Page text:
Mix chicken cubes in the batter.  Put coated cubes in a pan one at a time, stirring occasionally to make sure they don’t stick together.  Fry until it becomes a pale yellow color, about 3 minutes, and remove from pan.  Fry in several batches if necessary to avoid crowding.

Allow the oil to heat to 380℉.  Put all chicken back in oil and fry until they become a golden brown, 1-2 minutes.  Remove from the pan.

In a saute pan or wok, heat 2 tbsp oil and ginger over high heat.  Put in chicken cubes followed by cooking sauce and green onions.  Stir fry for 30 seconds and remove from the pan.

Garnish with more green onions, if desired and serve immediately.

 

3 servings, 529 calories per serving

 

Hack:  Do you know that you can freeze fresh ginger root?  Grating it in its frozen state is easier than grating it fresh and, if you choose organic ginger, you don’t have to peel it!  Simply place in a sealed freezer bag or container and pop it in the freezer.

Hack:  Chop leftover green onions and freeze in a sealable freezer bag or container for future use. While they won’t retain the crispness that would make them suitable for salads or garnish, they will be fine for cooking.

Hack:  For more instructional videos for making traditional Chinese cuisine at home, visit Yuhong’s Country Kitchen on YouTube! Don’t forget to like, subscribe and press that notification button so you won’t miss any new videos!

Chinese-style Pancakes with Eggs & Chives

Chinese-style Pancakes with Eggs & Chives is a traditional dish made from dough instead of batter pancakes that are generally served in other countries.

Chinese-style Pancakes with Eggs & Chives
(Courtesy: Yuhong Sun)

 

2 cups all-purpose flour

1 tsp baking soda

½ – ¾ cup water plus more for soaking noodles

8 ounces angel hair rice noodle

3 cups chopped fresh chives** (5 oz)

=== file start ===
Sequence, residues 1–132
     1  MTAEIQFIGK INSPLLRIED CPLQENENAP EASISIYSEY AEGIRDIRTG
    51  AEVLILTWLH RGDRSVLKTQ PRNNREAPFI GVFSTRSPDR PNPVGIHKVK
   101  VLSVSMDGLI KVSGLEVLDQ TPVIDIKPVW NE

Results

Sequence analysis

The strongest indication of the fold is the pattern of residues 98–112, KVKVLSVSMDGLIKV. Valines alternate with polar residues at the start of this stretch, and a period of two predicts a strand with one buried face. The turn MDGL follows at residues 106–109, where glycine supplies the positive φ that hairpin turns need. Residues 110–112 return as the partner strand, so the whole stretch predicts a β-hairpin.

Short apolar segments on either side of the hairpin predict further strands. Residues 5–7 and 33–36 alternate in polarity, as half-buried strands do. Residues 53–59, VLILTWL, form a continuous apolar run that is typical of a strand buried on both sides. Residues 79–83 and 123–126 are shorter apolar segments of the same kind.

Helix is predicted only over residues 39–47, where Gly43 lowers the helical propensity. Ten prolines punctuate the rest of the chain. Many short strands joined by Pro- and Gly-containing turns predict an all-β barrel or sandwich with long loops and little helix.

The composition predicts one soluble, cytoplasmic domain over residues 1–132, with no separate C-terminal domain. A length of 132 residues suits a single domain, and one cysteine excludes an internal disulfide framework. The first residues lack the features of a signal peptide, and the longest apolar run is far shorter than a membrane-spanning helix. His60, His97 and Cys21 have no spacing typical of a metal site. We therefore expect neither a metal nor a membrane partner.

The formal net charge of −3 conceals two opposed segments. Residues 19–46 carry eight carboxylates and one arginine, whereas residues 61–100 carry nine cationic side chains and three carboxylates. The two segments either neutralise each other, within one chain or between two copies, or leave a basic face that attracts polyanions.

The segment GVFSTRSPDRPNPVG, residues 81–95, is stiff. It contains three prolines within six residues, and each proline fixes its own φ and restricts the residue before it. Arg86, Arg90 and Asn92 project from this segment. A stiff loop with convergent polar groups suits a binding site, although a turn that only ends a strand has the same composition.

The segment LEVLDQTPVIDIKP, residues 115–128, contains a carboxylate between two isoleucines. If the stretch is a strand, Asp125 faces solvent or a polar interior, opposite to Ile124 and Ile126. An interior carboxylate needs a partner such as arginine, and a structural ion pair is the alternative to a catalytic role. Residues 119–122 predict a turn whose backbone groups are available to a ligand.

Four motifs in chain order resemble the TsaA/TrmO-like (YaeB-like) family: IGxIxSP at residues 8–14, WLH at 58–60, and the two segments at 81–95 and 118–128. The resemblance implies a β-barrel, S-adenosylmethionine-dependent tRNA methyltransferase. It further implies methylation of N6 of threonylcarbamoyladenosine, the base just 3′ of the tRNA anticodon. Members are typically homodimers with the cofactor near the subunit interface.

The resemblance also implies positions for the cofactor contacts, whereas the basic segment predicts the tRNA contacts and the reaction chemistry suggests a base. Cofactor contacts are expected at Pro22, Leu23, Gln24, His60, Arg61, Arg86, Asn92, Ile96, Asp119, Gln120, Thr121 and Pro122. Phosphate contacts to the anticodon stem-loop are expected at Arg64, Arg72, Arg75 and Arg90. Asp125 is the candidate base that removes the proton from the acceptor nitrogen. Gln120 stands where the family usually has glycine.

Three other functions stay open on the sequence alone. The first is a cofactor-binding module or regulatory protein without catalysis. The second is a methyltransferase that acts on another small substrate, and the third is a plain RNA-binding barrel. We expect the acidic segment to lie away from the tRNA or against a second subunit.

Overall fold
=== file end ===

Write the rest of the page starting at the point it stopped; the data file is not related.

1” ginger knob

3 eggs

5 tbsp vegetable oil, divided

3 tbsp soy sauce

3 tbsp olive oil

1 tbsp oyster sauce

1 tbsp white pepper or to taste

1 tbsp sesame oil

Salt to taste

 

Measure flour and baking soda into a medium mixing bowl.  Slowly add water until it forms a soft dough.  Turn onto a flat surface and knead until it’s smooth and no longer sticks to the surface, oiling the surface and/or using a pastry knife if necessary.*  Allow to rest for 20 minutes.

Cover rice noodles with hot water and allow them to soak for 20 minutes.

Finely chop chives and ginger, set aside.  Beat eggs well in a small bowl.

Heat 3 tbsp vegetable oil in a saute pan or wok.  Pour in beaten eggs and allow to cook, undisturbed, until set. Use a spatula to flip the eggs over, leaving them in one piece.

Remove from the pan and allow it to cool slightly.  Chop the eggs into small pieces and add to the chive and ginger mix.  Cut the rice noodles into ½” pieces and add to the mixture.

Add soy sauce, olive oil, oyster sauce, white pepper, sesame oil and salt to the chive mixture.  Stir to combine.

Divide dough into 6 portions and roll into balls.  Dust surface of counter with a small amount of flour and roll each ball into a 7” circle.  Place an equal amount of the filling mixture into the center of each circle.  Fold over and press the edges to seal.

Heat remaining 2 tbsp vegetable oil in the saute pan or wok, spreading it evenly over the bottom of the pan.  Cook pancakes in batches, flipping several times until both sides are golden brown.

Alternately, pancakes can be brushed with vegetable oil and cooked in the air fryer at 380℉ for 8 minutes.

*I prefer to oil the kneading counter instead of using flour as too much flour will result in a dry pancake.  Only use flour if the mixture is too wet to form a soft dough.

** I substituted green onions in this recipe

6 servings, 470 calories per serving